I thought I knew what an adverb was: anything ending in “-ly”, which describes a verb (happily, sadly, strangely). But there’s so much more to it, as I learnt from my 9 year old daughter’s homework at the weekend. She had to include “Time Adverbials” in her piece about how the school canteen works. Thank goodness for search engines. I now know more about adverbs relating to time than I used to. l learnt last year (when she was 8) that “yesterday”, “today” and “tomorrow” are all adverbs. Was that true when I was at school? I don’t remember learning that.
In the interests of sharing what I learnt over the weekend, from reading through the homework of someone under 10 years old, there are three types of “Time Adverbial”: when (“yesterday”, “in 2015”, “later”) how long (“all day”, “since 2015”, “from May to December”) and frequency (“usually”, “sometimes”, “seldom”).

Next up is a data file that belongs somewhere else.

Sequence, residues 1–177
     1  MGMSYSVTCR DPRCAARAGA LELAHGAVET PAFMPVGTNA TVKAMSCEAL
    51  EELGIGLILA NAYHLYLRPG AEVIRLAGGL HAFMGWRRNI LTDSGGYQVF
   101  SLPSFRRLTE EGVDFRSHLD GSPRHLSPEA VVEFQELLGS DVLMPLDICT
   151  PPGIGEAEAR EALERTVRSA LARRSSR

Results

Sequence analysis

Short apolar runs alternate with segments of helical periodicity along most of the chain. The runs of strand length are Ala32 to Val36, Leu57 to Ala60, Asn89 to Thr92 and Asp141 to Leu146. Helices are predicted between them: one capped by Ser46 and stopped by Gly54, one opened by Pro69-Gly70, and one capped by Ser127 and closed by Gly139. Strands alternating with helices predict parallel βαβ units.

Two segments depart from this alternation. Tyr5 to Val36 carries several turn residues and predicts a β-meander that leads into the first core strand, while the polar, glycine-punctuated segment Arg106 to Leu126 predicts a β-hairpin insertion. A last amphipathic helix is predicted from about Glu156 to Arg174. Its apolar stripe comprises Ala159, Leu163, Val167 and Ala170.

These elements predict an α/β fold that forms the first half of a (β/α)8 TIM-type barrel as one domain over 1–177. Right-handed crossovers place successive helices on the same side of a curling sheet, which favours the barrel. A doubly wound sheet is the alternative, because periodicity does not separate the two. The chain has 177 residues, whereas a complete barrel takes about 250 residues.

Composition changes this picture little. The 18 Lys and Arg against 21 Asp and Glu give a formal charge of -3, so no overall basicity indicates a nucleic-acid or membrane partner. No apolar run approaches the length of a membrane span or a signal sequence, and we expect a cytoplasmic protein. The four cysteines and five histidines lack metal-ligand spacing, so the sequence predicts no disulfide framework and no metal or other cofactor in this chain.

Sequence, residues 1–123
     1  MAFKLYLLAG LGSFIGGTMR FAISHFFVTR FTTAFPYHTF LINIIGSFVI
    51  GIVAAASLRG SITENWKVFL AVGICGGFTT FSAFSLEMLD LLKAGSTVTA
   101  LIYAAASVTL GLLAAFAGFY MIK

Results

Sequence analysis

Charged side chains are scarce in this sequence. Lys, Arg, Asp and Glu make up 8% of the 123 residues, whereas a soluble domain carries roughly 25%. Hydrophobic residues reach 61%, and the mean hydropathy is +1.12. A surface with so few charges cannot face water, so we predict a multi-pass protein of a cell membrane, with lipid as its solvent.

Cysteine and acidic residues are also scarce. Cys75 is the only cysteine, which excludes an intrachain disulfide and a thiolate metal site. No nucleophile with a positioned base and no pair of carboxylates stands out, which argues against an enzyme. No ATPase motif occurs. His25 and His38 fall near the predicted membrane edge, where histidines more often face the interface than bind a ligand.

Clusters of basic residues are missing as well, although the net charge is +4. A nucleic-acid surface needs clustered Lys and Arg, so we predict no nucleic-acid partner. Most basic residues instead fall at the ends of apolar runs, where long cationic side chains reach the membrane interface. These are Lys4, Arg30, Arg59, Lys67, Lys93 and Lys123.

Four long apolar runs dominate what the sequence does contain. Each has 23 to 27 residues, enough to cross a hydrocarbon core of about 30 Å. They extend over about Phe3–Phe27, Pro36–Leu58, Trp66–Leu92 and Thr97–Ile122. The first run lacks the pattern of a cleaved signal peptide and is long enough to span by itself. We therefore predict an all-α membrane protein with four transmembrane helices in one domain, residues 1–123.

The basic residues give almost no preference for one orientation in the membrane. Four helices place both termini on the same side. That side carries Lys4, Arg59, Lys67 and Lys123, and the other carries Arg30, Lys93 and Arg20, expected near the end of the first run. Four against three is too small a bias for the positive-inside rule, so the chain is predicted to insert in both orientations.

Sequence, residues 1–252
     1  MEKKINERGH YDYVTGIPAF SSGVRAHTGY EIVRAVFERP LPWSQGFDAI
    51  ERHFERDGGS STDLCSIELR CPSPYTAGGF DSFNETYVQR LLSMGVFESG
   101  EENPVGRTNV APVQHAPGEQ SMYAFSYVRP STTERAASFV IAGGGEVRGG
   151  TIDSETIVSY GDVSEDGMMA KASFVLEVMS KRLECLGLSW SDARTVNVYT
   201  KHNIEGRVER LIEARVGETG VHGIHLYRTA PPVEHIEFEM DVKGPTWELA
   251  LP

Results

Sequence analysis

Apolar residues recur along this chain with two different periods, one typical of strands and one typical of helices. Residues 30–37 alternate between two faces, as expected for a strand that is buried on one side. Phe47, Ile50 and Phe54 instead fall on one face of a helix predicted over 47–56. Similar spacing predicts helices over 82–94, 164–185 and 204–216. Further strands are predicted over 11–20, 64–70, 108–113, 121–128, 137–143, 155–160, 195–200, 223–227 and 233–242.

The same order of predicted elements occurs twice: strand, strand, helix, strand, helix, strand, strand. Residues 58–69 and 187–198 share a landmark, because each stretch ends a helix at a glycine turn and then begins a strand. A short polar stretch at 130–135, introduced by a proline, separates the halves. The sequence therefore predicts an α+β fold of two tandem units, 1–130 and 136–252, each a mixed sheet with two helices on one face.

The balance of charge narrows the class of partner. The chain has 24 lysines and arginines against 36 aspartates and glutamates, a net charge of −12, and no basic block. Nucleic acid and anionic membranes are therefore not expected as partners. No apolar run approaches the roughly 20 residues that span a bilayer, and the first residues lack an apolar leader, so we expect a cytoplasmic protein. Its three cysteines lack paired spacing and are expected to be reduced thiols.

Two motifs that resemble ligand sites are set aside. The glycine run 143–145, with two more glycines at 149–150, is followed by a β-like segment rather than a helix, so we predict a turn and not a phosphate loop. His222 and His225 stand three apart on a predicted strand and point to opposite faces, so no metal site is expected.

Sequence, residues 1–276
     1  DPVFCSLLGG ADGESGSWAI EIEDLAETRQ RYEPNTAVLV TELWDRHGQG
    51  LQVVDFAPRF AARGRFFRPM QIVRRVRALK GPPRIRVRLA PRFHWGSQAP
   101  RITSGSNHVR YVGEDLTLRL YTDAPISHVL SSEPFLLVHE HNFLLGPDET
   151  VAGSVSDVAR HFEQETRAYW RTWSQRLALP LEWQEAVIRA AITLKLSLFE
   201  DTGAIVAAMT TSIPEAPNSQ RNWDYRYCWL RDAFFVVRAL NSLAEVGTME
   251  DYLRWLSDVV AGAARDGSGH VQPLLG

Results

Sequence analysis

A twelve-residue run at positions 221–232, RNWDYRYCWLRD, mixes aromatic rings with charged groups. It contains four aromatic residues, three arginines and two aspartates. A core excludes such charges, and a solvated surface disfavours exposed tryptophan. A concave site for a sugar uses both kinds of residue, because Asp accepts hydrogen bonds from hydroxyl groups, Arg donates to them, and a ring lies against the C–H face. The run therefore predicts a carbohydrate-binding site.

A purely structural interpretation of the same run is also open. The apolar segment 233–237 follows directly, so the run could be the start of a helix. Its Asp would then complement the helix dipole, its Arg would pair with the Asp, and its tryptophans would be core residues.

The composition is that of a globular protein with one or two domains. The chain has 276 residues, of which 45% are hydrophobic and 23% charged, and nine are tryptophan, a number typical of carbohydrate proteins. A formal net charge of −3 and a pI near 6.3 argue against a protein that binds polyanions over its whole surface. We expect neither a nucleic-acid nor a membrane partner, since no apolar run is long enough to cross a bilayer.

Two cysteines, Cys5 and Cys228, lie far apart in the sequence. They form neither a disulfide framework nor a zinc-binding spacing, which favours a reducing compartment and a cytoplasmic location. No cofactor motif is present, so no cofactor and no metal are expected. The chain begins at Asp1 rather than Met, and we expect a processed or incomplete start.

When I was a teenager my father read something about comic uses of adverbs, for example: “Have you been to Norfolk?” she asked, flatly. Or: “I haven’t read that big book by Victor Hugo”, said Les miserably. We made up our own examples for months afterwards. My brother was asking about them at Christmas. A few more came to mind but it’s over 30 years since I set my mind to them. “I regret to tell you that your account is overdrawn”, said the bank manager, incredibly (ink-red-ibly). “And what would you like for dessert?” she asked, sweetly. “Something with lemon on top, and a pastry base”, he said, tartly.
“I like to write about a different word every seven days”, he said weakly. We’re dealing with homophones here of course, which my daughter was asking about before school this morning, but that’s another story.
After drafting this piece I got rather carried away with the comic uses of adverbs and wrote this piece, which contains dozens of them.